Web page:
Download and print an A3 version of Meditation Paintings exhibition poster (see image above).

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18 March ❘ 6pm - 9pm

Viewing by Appointment till 27 March*

*Tel: 07506 693884 to arrange a viewing

I walk dogs every day on the hills and moors of ‘Wuthering Heights’ made famous by the Bronte sisters.


I walk in all weathers seven days a week.


My paintings are reflections on the experience of immersion in the elements.


They are not depictions of specific scenes or particular views, but transcriptions and expressions of the physical and emotional experience.

The paintings are an ongoing series developed daily in my studio.


As a part of my studio practice I meditate daily and also use a form of Japanese meditation called Enso, a traditional calligraphic practice with inks and brush.

I use materials as directly as I can in a mixture of processes and media. I work a lot on paper pulp on canvas. I use inks, acrylic and oil paints, encaustic wax.


The paintings subtly shift and change in differing light sources.

They are quite physical and deliberately modest in scale, and intended for individual personal meditation.


Using pulp slows me down.


I use the Japanese technique of ENSO with my daily meditation practice.  It requires a cool, clear mind and instant action – following the flow of the brush and ink.  No hesitation.

Images from the Exhibition
Songs in the Grass
Meditation V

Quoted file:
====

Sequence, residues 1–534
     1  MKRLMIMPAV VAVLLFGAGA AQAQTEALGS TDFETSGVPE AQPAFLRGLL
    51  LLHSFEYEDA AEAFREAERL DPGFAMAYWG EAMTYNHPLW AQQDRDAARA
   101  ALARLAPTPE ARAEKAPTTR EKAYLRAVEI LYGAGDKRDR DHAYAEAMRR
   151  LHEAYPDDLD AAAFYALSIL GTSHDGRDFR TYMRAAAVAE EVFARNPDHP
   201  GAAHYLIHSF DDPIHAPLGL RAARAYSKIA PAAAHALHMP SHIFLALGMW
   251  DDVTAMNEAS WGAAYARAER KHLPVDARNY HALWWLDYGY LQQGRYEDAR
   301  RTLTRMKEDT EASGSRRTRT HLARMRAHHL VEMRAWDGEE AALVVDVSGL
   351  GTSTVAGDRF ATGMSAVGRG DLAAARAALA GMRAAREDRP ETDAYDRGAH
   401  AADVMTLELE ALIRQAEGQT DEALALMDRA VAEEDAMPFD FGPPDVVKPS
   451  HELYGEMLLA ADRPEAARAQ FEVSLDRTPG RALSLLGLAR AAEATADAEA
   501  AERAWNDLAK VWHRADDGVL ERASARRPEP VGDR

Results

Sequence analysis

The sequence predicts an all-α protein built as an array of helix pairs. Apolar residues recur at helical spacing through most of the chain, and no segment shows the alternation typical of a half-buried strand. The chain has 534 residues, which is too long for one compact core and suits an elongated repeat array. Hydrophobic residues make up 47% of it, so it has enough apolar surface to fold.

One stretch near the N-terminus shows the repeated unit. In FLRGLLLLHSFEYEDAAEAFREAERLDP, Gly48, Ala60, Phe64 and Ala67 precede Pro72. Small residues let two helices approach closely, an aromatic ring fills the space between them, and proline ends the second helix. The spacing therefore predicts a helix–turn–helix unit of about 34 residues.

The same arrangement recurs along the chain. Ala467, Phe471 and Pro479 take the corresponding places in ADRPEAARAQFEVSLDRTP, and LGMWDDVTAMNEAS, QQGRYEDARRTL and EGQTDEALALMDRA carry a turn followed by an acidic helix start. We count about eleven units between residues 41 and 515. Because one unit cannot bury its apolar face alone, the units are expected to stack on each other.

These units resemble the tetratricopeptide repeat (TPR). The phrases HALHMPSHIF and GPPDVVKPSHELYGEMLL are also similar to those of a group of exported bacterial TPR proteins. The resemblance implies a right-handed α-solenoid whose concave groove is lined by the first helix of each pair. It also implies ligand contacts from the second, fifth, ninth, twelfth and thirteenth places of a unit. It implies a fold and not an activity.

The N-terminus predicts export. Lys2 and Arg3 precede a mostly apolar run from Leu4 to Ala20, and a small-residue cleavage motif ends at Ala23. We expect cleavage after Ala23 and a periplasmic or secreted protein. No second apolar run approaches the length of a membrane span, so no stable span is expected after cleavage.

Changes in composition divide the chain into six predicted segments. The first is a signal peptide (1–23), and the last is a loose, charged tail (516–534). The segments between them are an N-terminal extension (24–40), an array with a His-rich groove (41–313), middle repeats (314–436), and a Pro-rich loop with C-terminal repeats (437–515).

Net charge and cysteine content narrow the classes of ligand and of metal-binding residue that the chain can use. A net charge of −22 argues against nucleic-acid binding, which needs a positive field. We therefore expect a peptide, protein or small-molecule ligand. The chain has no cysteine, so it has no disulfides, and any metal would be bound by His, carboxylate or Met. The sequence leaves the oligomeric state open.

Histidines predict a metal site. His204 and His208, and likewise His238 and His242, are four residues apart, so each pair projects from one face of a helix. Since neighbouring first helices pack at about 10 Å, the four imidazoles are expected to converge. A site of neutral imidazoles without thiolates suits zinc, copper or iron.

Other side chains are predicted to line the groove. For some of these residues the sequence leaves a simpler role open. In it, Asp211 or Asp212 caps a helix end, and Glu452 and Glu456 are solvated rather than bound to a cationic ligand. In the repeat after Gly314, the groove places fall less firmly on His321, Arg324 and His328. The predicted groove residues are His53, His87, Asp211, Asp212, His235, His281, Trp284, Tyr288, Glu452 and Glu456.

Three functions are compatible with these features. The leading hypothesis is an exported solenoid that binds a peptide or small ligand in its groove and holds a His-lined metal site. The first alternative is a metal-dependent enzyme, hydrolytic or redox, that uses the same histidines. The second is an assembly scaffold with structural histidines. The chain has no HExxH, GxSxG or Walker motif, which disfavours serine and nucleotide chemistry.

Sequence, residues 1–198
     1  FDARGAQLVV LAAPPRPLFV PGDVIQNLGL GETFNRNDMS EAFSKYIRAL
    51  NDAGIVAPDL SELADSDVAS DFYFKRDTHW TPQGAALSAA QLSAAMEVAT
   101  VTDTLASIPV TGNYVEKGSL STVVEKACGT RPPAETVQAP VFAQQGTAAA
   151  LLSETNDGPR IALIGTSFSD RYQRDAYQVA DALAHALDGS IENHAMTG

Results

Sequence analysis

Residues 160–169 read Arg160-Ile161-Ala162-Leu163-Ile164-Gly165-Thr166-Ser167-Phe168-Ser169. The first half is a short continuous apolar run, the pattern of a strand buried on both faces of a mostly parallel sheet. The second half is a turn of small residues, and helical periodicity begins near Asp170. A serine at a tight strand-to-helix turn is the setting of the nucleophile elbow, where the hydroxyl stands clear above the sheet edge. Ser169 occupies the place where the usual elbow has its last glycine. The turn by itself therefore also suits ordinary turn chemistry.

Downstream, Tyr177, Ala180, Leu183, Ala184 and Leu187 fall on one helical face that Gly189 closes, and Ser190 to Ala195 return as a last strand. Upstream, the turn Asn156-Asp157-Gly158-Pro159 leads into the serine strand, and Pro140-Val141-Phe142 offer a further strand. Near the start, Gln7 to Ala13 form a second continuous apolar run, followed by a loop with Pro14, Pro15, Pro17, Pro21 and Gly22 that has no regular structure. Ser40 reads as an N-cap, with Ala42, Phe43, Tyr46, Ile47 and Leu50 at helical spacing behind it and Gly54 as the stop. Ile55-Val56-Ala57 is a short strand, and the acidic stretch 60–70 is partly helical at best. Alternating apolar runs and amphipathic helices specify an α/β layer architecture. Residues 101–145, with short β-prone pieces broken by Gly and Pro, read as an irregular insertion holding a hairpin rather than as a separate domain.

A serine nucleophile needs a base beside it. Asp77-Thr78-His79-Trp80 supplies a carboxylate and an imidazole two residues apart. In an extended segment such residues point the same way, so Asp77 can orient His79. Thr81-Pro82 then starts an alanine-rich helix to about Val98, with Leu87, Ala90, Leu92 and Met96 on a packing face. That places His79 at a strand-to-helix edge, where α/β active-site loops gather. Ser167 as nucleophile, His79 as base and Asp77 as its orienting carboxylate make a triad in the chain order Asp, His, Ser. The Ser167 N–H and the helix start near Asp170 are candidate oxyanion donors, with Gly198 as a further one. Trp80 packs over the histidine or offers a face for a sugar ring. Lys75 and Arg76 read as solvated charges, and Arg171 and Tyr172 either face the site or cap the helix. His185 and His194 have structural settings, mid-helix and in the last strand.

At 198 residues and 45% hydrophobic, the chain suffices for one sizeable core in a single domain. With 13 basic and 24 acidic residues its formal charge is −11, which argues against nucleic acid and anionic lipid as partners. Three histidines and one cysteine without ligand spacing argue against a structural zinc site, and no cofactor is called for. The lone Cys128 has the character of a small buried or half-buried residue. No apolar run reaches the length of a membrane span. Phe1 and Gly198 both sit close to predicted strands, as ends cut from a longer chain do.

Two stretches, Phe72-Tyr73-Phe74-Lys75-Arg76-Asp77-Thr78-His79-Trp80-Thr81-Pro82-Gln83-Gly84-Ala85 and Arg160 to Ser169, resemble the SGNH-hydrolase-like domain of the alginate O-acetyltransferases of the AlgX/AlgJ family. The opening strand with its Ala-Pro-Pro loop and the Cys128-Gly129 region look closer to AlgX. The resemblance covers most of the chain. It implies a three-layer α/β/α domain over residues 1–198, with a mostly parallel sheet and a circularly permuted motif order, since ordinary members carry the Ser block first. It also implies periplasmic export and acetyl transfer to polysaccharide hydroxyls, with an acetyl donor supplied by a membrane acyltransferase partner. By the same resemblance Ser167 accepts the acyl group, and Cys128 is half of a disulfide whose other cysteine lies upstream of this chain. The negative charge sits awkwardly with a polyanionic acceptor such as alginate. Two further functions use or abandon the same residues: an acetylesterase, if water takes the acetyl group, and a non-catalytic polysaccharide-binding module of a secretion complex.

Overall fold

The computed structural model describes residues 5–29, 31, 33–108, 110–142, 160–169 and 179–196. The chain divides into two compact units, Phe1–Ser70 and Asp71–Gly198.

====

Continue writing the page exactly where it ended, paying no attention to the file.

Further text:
All images photographed by MENTAL IMAGES  ©MENTAL IMAGES 2016

In the studio I lay washes of ink down on gesso ground on my canvasses before covering in layers of paper pulp.  I strip away slices and sections at this point and cut into the pulp layer in waves and striations.  As the pulp dries the inks seep and bleed into the layers, rising to the surface in reflections of the under painting and creating a bond with the body of the material.  Gradually the surfaces become more physical and fuse into one entity.  At this point I may rework some of the layers or surfaces, and introduce waxes into the open strands and create solid colour slices or bands.


With so much going on visually, I simplify the form in bands to highlight the textural contrasts and colour adjustments.  This also has the effect of speeding up or slowing down the rhythm of the painting and the speed of ‘reading’ the passages and defining the character of the painting as an object.


Each painting has its own definite character and voice.  It’s my job to let you hear it.